In a recent paper on the subject (Christiansen and Harris 2009), researchers have come up with a different idea. They examined the skull and jaws of the big American cat and compared it with lions, tigers, and jaguars. They used a wide range of measurements to create a mathematical model of each species, and compared them to each other. The result? Panthera atrox does not seem to be a lion at all, but rather is closest to the modern jaguar.

Jaguars came into the New World from Asia during the early Pleistocene. It seems then that P. atrox and the modern jaguar species, P. onca, are derived from the early jaguar that came into North America, and that lions never made that long trek across. If these researchers are correct, we should not call this magnificent cat the American Lion.

Jaguar at Edinburgh Zoo

A jaguar, Panthera onca. By Pascal Blachier from Savoie, France.

So, what should we call it? Jaguars are native to the New World, so the word “American” seems a bit redundant in the name. And the simple scale and grandeur of the cat requires some adjective. “Mega Jaguar” seems a bit plain to me. What do you suggest?

Christiansen, P. and Harris, J. M. 2009. Craniomandibular morphology and phylogenetic affinities of Panthera atrox: implications for the evolution and paleobiology of the lion lineage. Journal of Vertebrate Paleontology 29(3):934-945.

Share This

Mammoth protein designed to be cool

Researchers were recently able to isolate and study woolly mammoth hemoglobin and compare it to the modern African and Asian elephants. They isolated the genes from DNA that code for the creation of hemoglobin, the protein that carries oxygen in our blood. This was done for both the modern elephant species, as well as from DNA from mammoth bone from Siberia. They observed some minor differences between all the species, so the researchers wondered if the difference in the mammoth’s blood might have helped it survive in cold climates.

Hemoglobin supplies our body with oxygen by carrying it around in our blood stream and then releasing it to our tissues. When our tissues need more oxygen, like for muscles that are working hard, hemoglobin more easily releases oxygen because of the higher temperatures created by the heat generated by the muscle. However, in colder temperatures, hemoglobin does not give up oxygen as easily. This is potentially a real problem in colder climates. To keep the hemoglobin to working effectively an animal might need to expend valuable energy to maintain a higher body temperature.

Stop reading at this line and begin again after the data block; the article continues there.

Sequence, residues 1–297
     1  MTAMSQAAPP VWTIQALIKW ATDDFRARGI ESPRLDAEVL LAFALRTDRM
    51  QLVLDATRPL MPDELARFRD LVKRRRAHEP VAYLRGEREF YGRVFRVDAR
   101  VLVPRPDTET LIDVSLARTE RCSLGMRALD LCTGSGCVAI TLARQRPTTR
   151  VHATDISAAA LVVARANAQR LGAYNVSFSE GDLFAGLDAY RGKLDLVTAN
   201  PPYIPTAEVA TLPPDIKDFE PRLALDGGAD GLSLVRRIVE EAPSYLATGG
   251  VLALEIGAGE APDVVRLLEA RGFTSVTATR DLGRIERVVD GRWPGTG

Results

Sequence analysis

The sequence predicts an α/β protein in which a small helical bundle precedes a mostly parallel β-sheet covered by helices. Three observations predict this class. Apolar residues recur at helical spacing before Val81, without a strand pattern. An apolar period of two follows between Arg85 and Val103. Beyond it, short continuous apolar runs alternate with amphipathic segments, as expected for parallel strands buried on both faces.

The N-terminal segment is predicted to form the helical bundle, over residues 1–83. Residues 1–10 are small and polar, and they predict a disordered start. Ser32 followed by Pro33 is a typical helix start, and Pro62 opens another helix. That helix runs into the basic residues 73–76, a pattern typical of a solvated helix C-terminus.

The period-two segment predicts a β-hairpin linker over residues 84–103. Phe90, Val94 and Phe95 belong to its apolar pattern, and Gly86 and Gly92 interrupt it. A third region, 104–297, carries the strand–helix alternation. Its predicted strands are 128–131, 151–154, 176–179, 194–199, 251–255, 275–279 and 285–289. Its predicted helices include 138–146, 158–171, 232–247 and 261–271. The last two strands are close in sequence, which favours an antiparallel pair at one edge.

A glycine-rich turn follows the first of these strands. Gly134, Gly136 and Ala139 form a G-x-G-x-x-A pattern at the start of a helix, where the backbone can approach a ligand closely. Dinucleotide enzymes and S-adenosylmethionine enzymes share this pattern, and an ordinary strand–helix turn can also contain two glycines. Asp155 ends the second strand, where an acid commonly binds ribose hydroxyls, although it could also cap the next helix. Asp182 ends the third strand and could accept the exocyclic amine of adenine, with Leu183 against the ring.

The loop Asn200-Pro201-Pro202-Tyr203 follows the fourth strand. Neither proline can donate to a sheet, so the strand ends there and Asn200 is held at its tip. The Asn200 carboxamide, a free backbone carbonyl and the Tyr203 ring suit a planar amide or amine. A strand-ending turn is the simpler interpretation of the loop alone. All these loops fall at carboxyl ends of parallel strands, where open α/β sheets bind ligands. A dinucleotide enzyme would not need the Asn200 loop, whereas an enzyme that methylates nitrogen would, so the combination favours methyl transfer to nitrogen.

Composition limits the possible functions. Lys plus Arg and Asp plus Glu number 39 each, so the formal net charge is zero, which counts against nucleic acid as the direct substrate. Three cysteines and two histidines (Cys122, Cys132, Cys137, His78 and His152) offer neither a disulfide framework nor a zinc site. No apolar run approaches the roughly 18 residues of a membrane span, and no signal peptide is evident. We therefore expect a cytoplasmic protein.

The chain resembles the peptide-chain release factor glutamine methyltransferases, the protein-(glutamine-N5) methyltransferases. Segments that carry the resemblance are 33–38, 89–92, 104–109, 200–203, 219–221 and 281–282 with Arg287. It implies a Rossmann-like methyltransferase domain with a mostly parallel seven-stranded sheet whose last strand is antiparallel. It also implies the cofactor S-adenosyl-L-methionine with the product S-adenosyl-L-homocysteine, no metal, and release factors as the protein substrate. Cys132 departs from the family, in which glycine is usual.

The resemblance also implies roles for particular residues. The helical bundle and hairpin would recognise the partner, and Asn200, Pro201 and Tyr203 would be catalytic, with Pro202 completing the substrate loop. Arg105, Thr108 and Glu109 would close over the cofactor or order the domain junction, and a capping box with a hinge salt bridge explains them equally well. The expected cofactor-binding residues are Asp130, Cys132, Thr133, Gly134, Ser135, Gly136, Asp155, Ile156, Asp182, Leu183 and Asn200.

The researchers (Campbell et al. 2010) wondered if the slight differences in woolly mammoth hemoglobin might have been an adaptation for living in colder temperatures. They inserted the Asian elephant genes that make hemoglobin into the common bacteria, Escherichia coli, and allowed the bacteria to act on the genes, thereby making Asian elephant hemoglobin. This process is not new as it is commonly used to have bacteria produce proteins that are identical to human-made proteins, like insulin.

To get the bacteria to make mammoth hemoglobin, they needed to modify the Asian elephant genes the same way they observed, then let the bacteria make the hemoglobin of a mammoth—thousands of years after the mammoths last did it themselves. Researchers could then compare the protein of the two species directly. The result was that mammoth hemoglobin released oxygen much more effectively at lower temperatures.

Woolly mammoths from Alan Turner (2004), National Geographic Prehistoric Mammals.

Woolly mammoths from Alan Turner (2004), National Geographic Prehistoric Mammals.

Woolly mammoths were adapted to colder climates in a number of ways, such as compact bodies, small ears, short tails, and long woolly hair. This result strongly suggests that their bodies were also changed at the molecular level for life in cold, high latitude climates during the Ice Age. It would be very interesting to see if other mammoth species, such as the Columbian mammoth, for example, shared this adaptation. But I suppose that will have to wait until we can get good DNA from that species. All in good time.

Campbell, K. L. et al. 2010. Substitutions in woolly mammoth hemoglobin confer biochemical properties adaptive for cold tolerance. Nature Genetics 42:536-540.

Related posts:
Science in dinosaur movies: Jurassic Park then and now

Share This